Asian markets ended mixed on Wednesday, losing some of the optimism spurred from the Dow hitting a new record close overnight just shy of the psychological 20,000 level.
Australia's ASX 200 closed up 0.4 percent or 22.4 points at 5,613.47, led by gains in its materials sub-index, which was up 1.21 percent and its all ordinaries gold sub-index, which gained 1.37 percent.
Shares of Bellamy's Australia, suspended for the past week week, were in the news on Wednesday as the company requested the suspension to extend for another three weeks, amid talks with key suppliers and manufacturers. Bellamy last traded at 6.68 Australian dollars ($4.86) per share.
"The fact that this situation has gone on for so long and that negotiations with suppliers are under way suggests that there may be material issues with the company," said Ric Spooner, chief market analyst at CMC Markets, in a note on Wednesday.
Japan's benchmark finished down 0.26 percent or 50.04 points at 19,444.49 after touching a one-year high earlier.
In South Korea, the Kospi closed down 0.19 percent or 3.98 points at 2,037.96 while Taiwan's Taiex closed 0.41 percent or 38.15 points lower at 9,204.26.
Taiwanese multinational hardware and electronics company Acer fell 0.75 percent to 13.20 Taiwanese dollars per share. The company announced late Tuesday that it would put its Indian smartphone business on hold due to the recent demonetization policy and that it plans to buy back shares worth T$35.4 billion ($1.1 billion).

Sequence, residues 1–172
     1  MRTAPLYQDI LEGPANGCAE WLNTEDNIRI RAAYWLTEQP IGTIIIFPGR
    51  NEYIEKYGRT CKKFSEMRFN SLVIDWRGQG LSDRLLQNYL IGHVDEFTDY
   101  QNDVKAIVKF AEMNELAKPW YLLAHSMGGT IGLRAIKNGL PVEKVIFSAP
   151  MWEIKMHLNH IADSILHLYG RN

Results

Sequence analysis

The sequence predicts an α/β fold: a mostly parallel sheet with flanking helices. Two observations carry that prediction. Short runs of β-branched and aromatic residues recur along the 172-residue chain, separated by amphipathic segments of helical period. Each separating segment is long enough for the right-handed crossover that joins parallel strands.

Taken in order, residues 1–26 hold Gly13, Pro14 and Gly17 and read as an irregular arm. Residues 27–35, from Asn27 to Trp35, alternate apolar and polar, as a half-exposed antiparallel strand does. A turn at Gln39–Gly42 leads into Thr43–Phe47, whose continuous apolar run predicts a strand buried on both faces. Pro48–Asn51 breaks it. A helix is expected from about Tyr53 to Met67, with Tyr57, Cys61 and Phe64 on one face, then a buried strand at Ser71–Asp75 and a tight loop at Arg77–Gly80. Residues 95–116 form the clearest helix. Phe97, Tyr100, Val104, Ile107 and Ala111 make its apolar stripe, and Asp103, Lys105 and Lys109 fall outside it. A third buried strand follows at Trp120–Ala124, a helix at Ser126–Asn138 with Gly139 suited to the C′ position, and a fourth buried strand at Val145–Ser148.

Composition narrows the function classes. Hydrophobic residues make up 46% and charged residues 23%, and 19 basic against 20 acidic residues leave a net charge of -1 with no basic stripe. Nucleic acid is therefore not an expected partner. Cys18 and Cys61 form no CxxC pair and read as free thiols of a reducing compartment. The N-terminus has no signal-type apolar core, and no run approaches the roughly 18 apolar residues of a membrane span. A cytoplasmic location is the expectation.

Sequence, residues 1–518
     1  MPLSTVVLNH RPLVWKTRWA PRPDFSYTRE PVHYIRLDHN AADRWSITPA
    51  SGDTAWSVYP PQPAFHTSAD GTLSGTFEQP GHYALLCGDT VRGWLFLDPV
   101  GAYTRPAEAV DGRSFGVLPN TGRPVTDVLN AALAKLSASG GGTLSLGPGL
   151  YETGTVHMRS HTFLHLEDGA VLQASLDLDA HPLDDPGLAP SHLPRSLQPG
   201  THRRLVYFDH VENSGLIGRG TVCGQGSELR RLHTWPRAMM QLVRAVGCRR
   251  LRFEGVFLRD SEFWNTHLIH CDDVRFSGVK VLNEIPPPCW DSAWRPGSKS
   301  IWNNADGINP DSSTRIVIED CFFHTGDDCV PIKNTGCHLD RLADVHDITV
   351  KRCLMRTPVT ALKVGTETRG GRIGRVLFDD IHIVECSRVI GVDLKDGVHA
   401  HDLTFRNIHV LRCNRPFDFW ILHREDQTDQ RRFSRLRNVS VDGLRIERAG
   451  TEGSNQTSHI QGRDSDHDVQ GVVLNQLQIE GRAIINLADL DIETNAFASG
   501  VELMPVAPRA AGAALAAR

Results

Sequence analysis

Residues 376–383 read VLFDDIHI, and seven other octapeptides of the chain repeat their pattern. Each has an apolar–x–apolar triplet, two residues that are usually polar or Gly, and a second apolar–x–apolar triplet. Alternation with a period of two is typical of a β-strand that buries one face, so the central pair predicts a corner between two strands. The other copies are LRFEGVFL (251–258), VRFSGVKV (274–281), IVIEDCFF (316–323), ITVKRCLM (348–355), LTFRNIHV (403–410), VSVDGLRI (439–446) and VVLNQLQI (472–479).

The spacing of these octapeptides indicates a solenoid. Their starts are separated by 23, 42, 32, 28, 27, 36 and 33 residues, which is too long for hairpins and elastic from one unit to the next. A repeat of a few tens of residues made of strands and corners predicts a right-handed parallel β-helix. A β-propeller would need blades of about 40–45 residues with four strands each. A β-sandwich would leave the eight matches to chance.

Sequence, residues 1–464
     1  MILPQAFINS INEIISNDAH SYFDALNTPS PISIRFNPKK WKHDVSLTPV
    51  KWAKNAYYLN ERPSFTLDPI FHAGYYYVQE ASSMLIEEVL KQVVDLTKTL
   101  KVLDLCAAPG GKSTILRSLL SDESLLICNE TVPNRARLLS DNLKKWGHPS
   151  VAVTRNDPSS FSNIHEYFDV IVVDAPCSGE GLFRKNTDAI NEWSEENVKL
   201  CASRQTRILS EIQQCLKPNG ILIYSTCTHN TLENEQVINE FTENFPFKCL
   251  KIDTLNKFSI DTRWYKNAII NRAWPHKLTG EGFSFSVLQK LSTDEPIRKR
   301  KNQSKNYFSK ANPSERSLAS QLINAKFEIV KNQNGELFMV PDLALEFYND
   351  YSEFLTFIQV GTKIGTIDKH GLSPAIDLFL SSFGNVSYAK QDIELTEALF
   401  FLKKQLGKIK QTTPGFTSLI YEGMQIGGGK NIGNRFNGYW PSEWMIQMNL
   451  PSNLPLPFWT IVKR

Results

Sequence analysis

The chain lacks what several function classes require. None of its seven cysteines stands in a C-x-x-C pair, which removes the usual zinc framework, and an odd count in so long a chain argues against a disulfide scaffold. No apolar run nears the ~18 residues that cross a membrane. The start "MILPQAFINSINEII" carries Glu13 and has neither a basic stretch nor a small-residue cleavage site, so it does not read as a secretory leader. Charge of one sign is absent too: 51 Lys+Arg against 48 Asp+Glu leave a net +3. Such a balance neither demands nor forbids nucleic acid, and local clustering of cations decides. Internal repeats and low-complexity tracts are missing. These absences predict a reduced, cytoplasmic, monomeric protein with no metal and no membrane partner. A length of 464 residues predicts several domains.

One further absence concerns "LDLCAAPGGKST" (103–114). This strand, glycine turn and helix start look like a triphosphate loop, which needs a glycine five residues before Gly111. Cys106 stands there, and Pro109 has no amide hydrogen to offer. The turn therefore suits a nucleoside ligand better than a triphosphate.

The South Korea-listed Samsung Securities plunged 4.91 percent to 31,950 won on news that it would issue new shares worth 345 billion won ($296.28 million).
Chinese shares were also in positive territory, the closed up 1.15 percent or 35.67 points at 3,138.54 and the Shenzhen composite ended up 0.742 percent or 14.7 points at 1,996.03.
In Hong Kong, the added 0.65 percent by mid-afternoon, snapping a four-session losing streak.
"It's a good day to be an equity bull however, it's a slow grind higher as opposed to an explosion in demand and the moves we are seeing in many markets are fairly subdued," Chris Weston, Angus Nicholson, chief market analyst at spreadbettor IG, said in a note on Tuesday.
U.S. blue-chips index closed up 0.46 percent at 19,974.62, a mere 25 points away from the key level of 20,000.
The S&P 500 ended up 0.36 percent at 2,270.76.
The composite gained 0.49 percent to 5,483.94 and had touched a new all-time high during the Tuesday session.
On the economic data diary, Thailand's central bank decision will be released at 3:00pm local time and Malaysia will announce its consumer price index (CPI) for November at 12:00 pm local time.
The dollar index, which tracks the greenback against a basket of currencies, last traded at 103.11. Against the dollar, the yen was at 117.38 while the Australian dollar fetched $0.7257. The Singapore dollar was at 1.4433 against the greenback as of 3:00 pm local time, after falling to its weakest since 2009 earlier at 1.4506.
The dollar jumped to a 14-year high late on Tuesday U.S time after Federal Reserve Chair Janet Yellen's positive comments on the labor market, a key economic indicator for the Fed in its decision to tighten monetary policy.
In energy news, U.S. crude stockpiles fell by 4.1 million barrels last week, compared to Reuters analysts expecting just a decrease of 2.5 million, as refineries boosted output, according to American Petroleum Institute data.
was up 0.4 percent fetching $1,136.51 per ounce.